Three Poems

Baker’s Pick
Lita Sorensen

This morning the question gleams with particles of sun. There’s crying; there’s laughter.
What do you make of it?
—Joy Harjo, from “The Woman Who Fell From the Sky”

You see the black-limbed tree caught across
broad harvest moon dotted full of crows,
their calls like dry barks in dark air.

Then there’s Sara’s painting, all air & wax-rendered
sky, half-buried crows
dance beneath the breadth of surface.

You hear the poet’s voice free itself
from the radio in bright stars; extol
the virtue of crows, their black-clad
parson seriousness alert against snow-choked hills—

You see Native American song
comparing crows and death like arrows to the heart
and the nature of the universe—

But like notes on a page of Chinese writing
the melody escapes you;
dim crows get caught at the back of your throat.


How can we know the dancer from the dance?
—found phrase, Yeats

We cannot know her from her dance,
succinct in metaphors
toe to bar, toe to floor
creating swan movements
with air.

We might ask who she is, under the mystique
of words, like a lover questions
the one he holds after clasping
a body in underwater roots, currents—
maybe in relief. But still, we cannot know.

The steps are too intricate. Spider webs
of fibers woven
in will, in water, in sweat.

You may christen her in despair—
that you love her, or that you feel nothing
for her, for you cannot know why
she is tied to a ribbon of this life

like a neuron, an atom frozen
yet dancing in god-like vacancy
alive in rhythmic swaying.

The amplitudes vary. You can see her step
like ripples on a lake, or move like a mad
summer storm, angry with thunder—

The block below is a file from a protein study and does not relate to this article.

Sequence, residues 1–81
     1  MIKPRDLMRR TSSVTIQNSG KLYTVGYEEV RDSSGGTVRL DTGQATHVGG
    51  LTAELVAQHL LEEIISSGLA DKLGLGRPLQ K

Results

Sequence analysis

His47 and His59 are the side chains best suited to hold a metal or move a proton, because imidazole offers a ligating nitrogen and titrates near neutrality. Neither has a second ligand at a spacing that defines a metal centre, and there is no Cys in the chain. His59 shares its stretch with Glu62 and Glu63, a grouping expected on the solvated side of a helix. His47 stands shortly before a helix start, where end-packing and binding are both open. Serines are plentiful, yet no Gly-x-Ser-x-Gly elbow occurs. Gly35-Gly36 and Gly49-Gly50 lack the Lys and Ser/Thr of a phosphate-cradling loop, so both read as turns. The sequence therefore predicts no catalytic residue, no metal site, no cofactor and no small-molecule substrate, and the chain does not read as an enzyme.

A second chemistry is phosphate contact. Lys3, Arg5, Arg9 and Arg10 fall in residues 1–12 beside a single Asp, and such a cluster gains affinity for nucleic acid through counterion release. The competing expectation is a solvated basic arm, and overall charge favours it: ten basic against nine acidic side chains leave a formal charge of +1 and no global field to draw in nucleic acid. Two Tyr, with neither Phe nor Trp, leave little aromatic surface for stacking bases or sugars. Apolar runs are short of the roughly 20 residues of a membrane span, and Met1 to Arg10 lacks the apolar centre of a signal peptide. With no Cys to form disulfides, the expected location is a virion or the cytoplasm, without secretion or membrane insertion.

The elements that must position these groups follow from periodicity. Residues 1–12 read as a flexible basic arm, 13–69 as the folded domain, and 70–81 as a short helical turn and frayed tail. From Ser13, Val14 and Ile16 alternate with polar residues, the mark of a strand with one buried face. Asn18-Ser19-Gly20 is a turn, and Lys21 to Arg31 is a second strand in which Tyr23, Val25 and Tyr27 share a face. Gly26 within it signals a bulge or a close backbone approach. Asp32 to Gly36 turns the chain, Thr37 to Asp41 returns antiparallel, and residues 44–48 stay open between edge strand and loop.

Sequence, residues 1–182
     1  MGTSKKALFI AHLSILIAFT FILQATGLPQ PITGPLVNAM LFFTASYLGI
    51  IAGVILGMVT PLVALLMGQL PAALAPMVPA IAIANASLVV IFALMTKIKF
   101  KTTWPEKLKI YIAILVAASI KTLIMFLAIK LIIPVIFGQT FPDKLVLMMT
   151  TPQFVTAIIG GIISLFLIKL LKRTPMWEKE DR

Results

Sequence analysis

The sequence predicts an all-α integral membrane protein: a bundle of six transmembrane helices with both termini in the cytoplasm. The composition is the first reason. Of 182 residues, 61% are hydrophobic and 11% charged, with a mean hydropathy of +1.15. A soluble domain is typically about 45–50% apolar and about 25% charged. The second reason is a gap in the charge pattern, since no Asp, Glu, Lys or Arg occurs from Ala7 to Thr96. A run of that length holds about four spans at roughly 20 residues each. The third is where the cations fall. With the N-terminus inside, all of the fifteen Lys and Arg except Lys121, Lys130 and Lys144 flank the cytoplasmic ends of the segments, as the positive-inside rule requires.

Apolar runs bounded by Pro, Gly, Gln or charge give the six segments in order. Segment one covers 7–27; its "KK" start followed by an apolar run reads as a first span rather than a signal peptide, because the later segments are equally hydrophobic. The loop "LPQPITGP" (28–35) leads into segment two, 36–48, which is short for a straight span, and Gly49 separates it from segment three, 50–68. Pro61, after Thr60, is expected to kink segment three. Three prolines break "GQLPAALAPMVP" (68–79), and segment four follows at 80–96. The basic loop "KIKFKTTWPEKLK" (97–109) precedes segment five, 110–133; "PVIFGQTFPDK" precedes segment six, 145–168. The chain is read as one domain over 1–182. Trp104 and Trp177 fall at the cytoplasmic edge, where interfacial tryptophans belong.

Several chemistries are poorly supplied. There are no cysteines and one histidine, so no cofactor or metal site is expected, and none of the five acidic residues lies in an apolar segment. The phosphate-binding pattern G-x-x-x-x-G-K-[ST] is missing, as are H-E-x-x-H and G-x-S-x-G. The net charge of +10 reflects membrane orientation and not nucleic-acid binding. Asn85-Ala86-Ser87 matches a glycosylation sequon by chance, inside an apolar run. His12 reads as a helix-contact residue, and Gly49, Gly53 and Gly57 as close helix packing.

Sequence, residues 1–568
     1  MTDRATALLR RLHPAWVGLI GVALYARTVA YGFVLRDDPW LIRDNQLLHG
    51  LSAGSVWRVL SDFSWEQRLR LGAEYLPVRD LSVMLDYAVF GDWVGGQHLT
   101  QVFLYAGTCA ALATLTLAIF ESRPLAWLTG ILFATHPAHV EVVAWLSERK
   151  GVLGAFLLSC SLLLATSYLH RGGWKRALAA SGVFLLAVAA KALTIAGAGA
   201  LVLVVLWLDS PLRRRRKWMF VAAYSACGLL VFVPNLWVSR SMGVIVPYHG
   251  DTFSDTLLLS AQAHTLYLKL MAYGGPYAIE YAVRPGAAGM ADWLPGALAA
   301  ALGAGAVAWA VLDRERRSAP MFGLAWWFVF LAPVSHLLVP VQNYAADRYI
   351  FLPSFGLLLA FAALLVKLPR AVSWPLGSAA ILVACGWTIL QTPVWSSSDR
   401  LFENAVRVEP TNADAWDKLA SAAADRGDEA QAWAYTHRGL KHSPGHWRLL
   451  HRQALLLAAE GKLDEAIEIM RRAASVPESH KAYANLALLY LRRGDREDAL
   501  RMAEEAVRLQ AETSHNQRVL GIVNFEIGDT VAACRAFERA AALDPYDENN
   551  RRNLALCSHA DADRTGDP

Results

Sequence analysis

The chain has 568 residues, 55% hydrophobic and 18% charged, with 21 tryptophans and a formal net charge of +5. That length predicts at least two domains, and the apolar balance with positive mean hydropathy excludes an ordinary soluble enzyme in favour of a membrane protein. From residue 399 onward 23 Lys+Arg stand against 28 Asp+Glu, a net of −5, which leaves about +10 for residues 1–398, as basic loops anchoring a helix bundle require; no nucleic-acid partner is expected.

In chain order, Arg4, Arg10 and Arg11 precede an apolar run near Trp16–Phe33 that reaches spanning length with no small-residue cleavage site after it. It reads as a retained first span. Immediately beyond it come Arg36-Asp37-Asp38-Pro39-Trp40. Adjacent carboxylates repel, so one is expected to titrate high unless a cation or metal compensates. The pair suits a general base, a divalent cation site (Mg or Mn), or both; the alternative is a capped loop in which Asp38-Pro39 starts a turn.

All a brief interlude.


Night and its forces…
—a found phrase (after Michael Ondaatje)

Like a sumac bush hiding
twigs and leaves and magenta

Giving itself to darkness
and sublimation—

The world was always yours.
In moments of ordinary beauty
you knew it: the slim sylvan
moon climbing the sky beyond
prairie-town buildings,
“Night Blue,” the name of

some panavision cathode ray tube
shade, real this time.

The world is hush, is solitude,
and for all those not listening
is foolish, is fear—

For it is everything:
the whir of the air conditioners in
the background, the tenants asleep
bathed in the cool light of television
screens; the tall sonorous trees, dark;
their leaves whispering of things
known years ago;

the small, sad opossum
crawling over stone steps
to hide, much maligned by humans;
the sparks of stars remote above
the noisy clatter of cities, illuminating
car lots and park lands alike.

There is no way to make reparation.
And night has known this from
first knowledge of days.

See how illumination grows.
Photographs record all the earth
and her inhabitants;
yet none of it to eyes that remain unedited.

Lush landscapes, parking lots
the same to lenses
recording the same
cold light, or dew dropped screen.


Lita Sorensen’s poetry has been published in various online and print journals, among them, Briar Cliff Review, Dislocate, Wolf Moon Press Journal, Coffee House Poetry Press (UK), (all forthcoming), The Cortland Review, Ink and Ashes, Amoskeag: The Journal of Southern New Hampshire University, Yemassee: The Journal of the University of South Carolina, Poetry Midwest, Bovine-Free Wyoming, and The Wild Goose Poetry Review: The Journal of North Carolina—Piedmont College. A selection, “Quarto, with Crows,” will also be included in an upcoming anthology, Beat the Blackened Wing: An Anthology of Crows. In addition, she has published three books of nonfiction for young adults for Rosen Press in New York City. She has a master’s degree in creative writing, and recently moved west to Arizona from Iowa City, IA, where she lives with her partner, Matt, and a big red dog named Iris. E-mail: lsoren[at]